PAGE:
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Forum for the Future of Aid

Southern Voices for Change in the International Aid System Project

The Forum on the Future of Aid is an online community dedicated to research and opinions about how the international aid system currently works and where it should go next

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‘Mediating’ the Paris Declaration on Aid Effectiveness

By Fackson Banda, SAB-UNESCO Chair of Media and Democracy, Rhodes University, South Africa

The role of the media in public finance management in aid-dependent countries is increasingly becoming an agenda item during meetings about development assistance. A recent workshop called by the OECD Global Forum on Development brought the issue into sharp relief. At the core of the discussion was the Paris Declaration on Aid Effectiveness, adopted in 2005.

The OECD meeting did not discuss the media as a central theme. And yet the workshop theme of ‘ownership in practice’ suggests strong citizen engagement in the development process. Perhaps, the ‘silence’ on mediation typical of most official documents accounts for the uncertainty usually exhibited about the place of the media in the matrix of development financing.

Indeed, the Paris Declaration does not acknowledge the role of the media. But it spells out many commitments which only active media engagement can help actualise. For example, it urges aid-reliant countries to elaborate ‘national development strategies through broad consultative processes’. It reiterates this by enjoining upon such nations to ‘encourage broad participation of a range of actors…’ It urges both donor and partner countries to curb ‘corruption and lack of transparency, which erode public support’.

These commitments are central to media engagement in creating a dialogic environment in which civil society can hold national leadership accountable for the utilisation of development assistance. And yet the declaration only assumes this. Its emphasis on broad consultative processes is much more than one-to-one consultation. It implies civic engagement on a large scale. While foregrounding the ends of consultation, ownership and participation, the declaration omits the means through which such processes can be realised broadly.

It is important, therefore, that any exposition of the Paris Declaration explicitly analyses the role of mediation in strengthening citizen participation in development financing.

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Kylie Prince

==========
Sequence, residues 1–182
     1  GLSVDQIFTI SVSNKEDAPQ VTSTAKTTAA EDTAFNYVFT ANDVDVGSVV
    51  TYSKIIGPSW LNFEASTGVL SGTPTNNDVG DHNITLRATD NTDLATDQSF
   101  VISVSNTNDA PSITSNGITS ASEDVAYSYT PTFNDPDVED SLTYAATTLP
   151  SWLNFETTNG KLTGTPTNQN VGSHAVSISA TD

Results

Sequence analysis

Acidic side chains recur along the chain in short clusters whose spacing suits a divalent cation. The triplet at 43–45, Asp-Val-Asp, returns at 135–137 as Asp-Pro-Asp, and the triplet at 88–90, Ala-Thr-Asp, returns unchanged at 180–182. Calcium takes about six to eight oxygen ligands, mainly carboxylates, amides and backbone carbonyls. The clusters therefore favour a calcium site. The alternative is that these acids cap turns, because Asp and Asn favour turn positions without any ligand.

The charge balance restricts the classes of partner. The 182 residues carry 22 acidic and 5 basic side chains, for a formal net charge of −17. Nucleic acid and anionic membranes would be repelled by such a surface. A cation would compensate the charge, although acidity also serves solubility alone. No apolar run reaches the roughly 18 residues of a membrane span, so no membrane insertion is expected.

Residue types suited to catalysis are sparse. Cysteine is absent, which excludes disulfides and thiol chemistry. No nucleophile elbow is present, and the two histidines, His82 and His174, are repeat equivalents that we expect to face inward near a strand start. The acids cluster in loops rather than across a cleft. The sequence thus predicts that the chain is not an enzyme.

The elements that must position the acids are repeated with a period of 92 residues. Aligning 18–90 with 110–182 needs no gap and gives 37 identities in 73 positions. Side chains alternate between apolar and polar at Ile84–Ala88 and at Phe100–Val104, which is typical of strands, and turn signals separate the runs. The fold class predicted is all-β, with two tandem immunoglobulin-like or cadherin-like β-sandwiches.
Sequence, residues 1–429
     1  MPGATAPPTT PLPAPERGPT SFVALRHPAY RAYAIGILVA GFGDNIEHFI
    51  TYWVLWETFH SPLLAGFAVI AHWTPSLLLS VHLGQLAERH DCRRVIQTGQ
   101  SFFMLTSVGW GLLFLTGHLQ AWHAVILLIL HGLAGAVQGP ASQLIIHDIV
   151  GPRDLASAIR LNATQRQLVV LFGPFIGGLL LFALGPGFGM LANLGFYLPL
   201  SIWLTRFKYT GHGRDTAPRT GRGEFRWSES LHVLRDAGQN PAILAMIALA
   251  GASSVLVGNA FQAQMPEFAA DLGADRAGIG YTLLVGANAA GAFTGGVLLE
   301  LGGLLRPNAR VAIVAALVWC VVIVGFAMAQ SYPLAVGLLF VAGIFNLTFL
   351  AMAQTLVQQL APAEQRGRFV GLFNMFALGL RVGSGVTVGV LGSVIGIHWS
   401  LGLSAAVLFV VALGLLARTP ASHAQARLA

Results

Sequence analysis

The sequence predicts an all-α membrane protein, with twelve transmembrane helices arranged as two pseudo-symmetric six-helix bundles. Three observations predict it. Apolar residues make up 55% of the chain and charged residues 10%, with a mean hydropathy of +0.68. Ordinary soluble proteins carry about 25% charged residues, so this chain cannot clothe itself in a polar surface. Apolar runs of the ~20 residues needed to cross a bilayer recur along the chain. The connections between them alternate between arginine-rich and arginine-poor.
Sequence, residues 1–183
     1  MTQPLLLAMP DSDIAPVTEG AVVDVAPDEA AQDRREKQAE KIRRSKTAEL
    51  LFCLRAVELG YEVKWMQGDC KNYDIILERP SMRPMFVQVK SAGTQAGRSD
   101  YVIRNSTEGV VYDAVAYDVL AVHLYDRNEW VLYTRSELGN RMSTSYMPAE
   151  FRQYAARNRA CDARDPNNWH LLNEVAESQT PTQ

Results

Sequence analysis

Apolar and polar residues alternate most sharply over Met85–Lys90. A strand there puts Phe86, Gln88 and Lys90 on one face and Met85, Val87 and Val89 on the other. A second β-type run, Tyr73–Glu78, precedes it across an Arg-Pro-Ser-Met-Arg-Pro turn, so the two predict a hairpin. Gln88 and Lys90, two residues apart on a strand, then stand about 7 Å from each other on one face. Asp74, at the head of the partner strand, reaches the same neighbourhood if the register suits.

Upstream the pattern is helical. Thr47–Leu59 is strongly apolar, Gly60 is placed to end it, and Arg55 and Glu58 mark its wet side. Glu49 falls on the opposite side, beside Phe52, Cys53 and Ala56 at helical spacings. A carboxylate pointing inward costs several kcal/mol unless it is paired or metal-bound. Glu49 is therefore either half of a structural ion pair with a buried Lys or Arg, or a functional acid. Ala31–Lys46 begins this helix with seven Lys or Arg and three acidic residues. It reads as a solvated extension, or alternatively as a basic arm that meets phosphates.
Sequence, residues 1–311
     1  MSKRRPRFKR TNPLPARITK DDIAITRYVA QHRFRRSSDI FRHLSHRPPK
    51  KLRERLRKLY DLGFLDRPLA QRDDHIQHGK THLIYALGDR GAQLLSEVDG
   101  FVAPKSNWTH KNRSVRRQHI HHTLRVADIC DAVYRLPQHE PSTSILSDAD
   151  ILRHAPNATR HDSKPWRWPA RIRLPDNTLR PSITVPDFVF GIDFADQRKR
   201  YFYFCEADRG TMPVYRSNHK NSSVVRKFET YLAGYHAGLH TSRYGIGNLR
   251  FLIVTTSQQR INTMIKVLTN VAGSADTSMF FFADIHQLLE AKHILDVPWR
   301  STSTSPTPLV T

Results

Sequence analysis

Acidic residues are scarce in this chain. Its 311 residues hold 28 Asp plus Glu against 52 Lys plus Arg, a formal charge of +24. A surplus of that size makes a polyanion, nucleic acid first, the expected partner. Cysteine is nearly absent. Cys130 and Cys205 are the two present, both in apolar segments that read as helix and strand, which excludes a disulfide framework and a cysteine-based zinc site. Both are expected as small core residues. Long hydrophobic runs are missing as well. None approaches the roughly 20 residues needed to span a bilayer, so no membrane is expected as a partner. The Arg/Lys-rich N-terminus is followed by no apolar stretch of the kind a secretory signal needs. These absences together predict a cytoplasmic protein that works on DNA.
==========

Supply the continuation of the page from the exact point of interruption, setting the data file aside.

mediating the paris declaration on aid effectiveness
Submitted by Kylie Prince (not verified) on Tue, 2007-11-06 02:36.

Maybe when National ledership develop its core strength and REALISES their power of civil responsibility in developing assistance on a large scale AND the benefits the public finance management in aid-dependent countries can bring to this cause, then they will be beating down doors to mediate in their own capacity. For the media facilitated merely but a window of opportunity.

I could not believe my eyes
Submitted by avaiki on Tue, 2007-11-06 05:55.

Kia orana, greetings, all !

Clicking on the Future of Aid with my usual foreboding, I was stunned to see the role of the media listed as a hot topic.

Reading the actual post, by Fackson Banda, furthered my disbelief. I could not believe my eyes.

I was not sure whether to fall to my knees, proclaiming "hallelujah!" or dance about the kitchen, headbutting cupboards in feverish delight. Finally, finally, someone has made a connection between all this immaculately conceived consulting, ownershipping and participating and the one - and only - institution that can make that happen to any degree of significance.

Yes, the media. In supporting Dr Banda's views wholeheartedly, I urge first worlders to forget their familiarity with conflicted corporate media. In developing countries, journalists often play a very real and often very risky role in advancing public debate.

Yet, as is pointed out above, time and time again, the media is taken for granted, its capacities assumed. This in an "information era" pushing for "knowledge economies." Instead of news media taking first place priority for aid funding, we are very often placed last, if at all.

UN agencies, for example, accurately reflect this reality gap with UNESCO information and media programmes just scraping over the US$1m mark - not per minute as per, say, the US military. Per year.

In 2004, an Australian funded survey of Pacific Islands media called for a "confident, well funded and professional" industry. The reality? The website supposed to help coordinate such development has, just three years later, disappeared from view.

I will stop here, lest I start spluttering and foaming at the mouth, but finish with a simple and heartfelt "thank you" for some much needed information leadership from South Africa.

Kia manuia, bon chance,


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